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J. Stevens 22-L.R. 414

Discussion in 'Off Topic Threads' started by LFT687, Apr 21, 2012.

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  1. LFT687

    LFT687 Member

    Joined:
    Jul 30, 2008
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    I'm just a shotgun shooter, but I just picked up an old J. Stevens 22 single shot. I liked the looks of it. I think it's called a rolling block. The only markings are TRADE MARK STEVENS REG U.S. Pat. Off & FGN on the side of the receiver, 414 under the lever on the receiver, 71055 on the bottom of the receiver; J. Stevens Arms & Tool Co. CHICOPEE FALLS, MASS. U.S.A. on the right side of the barrel, and 22-L.R. on the left. The only other markings are on the left sidw a P ina circle on the barrell near the receiver and an I in a circle on the receiver near the barrell. The forend wood runs to about 5 inches from the end of the barrell. It has swivels a few inches from the end of the stock and about halfway down the forend. I've looked online for info, but most of the ones listed have a model name associated with it. Anyone have any info on this type of gun? Target or hunting? Safe to shoot with today's ammo? Once I figure out how to I'll try to post photos.

    Dave
     
  2. Brian in Oregon

    Brian in Oregon Well-Known Member

    Joined:
    Jan 29, 1998
    Messages:
    25,238
    Location:
    Deplorable Bitter Clinger in Liberal La La Land
    "IDEAL ARMORY MODEL No. 414. This was a 26-inch round-barrel model made up on the 44 type action for .22 Long Rifle gallery or club shooting. The regular plain No. 1 lever was used on this model, as was also the automatic ejector. The stock was a straight-grip type, with hard-rubber shotgun butt plate. The forearm was a semi-beavertail type, with a band and swivel for a sling strap. A swivel on the butt stock was also provided. The fore end extended beyond the swivel to within a few inches of the muzzle, but was no band at the tip. The sights were Rocky Mountain front and Lyman receiver, the latter being made especially for this model. This rifle weighed about 8 pounds with sling, and was listed at $12."<br>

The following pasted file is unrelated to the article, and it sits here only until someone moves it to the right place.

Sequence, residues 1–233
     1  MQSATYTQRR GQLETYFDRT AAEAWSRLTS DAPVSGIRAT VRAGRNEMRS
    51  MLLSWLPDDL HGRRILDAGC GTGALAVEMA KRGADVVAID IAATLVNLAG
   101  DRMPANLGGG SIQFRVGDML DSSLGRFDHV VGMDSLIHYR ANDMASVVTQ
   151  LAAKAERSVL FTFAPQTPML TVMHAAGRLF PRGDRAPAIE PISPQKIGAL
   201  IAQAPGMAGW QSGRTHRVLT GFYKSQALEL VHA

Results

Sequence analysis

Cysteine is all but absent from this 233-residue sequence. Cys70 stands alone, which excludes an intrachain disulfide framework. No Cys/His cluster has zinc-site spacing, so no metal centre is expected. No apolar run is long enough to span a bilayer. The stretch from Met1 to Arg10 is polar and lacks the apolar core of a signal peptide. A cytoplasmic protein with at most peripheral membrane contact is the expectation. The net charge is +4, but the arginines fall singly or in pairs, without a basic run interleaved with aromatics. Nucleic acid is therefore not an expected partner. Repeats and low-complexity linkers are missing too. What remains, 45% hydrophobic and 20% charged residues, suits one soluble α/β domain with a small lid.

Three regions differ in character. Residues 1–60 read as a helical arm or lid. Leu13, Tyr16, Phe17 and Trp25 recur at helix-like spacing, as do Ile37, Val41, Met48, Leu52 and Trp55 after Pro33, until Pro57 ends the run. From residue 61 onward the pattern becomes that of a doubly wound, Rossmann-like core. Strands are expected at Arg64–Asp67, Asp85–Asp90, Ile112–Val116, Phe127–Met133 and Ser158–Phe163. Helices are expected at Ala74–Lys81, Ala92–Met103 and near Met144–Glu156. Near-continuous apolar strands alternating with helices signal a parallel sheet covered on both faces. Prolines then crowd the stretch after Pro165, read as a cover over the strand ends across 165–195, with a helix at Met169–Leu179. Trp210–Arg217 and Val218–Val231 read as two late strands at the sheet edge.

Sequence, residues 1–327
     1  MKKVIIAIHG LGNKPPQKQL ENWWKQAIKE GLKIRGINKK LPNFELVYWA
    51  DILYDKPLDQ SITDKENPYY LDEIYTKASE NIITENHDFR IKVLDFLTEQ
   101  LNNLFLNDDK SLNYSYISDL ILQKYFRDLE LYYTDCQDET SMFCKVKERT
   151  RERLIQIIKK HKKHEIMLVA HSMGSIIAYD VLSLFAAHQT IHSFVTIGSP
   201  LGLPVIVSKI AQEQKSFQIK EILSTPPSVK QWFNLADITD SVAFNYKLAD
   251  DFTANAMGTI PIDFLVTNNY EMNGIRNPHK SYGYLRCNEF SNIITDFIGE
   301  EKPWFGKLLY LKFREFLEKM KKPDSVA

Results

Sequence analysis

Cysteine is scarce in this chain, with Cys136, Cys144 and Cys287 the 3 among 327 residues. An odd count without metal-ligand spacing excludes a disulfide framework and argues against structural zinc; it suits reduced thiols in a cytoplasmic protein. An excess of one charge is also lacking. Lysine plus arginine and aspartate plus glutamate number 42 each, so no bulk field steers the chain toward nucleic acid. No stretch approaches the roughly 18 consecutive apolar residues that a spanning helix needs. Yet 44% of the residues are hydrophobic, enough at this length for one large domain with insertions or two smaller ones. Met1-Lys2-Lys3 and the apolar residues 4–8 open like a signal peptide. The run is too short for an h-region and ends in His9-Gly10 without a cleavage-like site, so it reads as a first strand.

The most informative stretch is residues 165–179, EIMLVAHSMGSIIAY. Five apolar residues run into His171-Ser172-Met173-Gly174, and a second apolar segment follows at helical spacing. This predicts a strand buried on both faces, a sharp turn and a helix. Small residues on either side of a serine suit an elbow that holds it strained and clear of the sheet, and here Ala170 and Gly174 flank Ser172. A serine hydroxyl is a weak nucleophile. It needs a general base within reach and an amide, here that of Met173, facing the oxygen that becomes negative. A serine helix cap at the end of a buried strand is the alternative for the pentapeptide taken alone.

- From the James J. Grant "Single Shot Rifles" book.

    This is not a rolling block action. It is a lever actuated falling block. The serial number really means diddly squat, because Stevens was constantly changing serial number sequences, adding letters, deleting letters, using just numbers, then mixing up the sequence. The 44 action is a full size action, not a "boys" action like the smaller Favorites, though they share a common design style. The weight of the rifle will affirm that.

    It's not unusual to find that someone has drilled and tapped the barrel for scope blocks, or to find the sights have been replaced. After all, these were target rifles. This version just had a military style musket stock on it. It's in the same family as the 417 Walnut Hill.

    As long as the bore is good and the action is reasonably tight there is no problem shooting .22LR ammo in it. The 44 action was used for rounds more powerful than the .22 LR. However, I would be prudent and restrict use to target and subsonic loads only. Not so much that the action cannot take it, but that these are old rifles and you don't want to beat up the action. It was originally designed for the velocity range covered by target loads. Keep in mind that the ammo used in it might have been corrosive, so use a gentle bore cleaner and a nylon brush, not a metal brush.

    For more pictures and info, do a google image search for: stevens armory model

    Update:

    Here's a thread on the ASSRA (American Single Shot Rifle Association) website with some decent photos of three unmolested Model 414s. These are the ones "Capt. RJM posted. These show variations in the buttplate. The other three shown have aftermarket buttstocks on them.
     
  3. LFT687

    LFT687 Member

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    148
    Brian,
    Thanks for a ton of info. Mine doesn't look nearly as good as the ones on the ASSRA website, but I hope I look half as good when I get to be that age! Can't wait to try it out.
    dave
     
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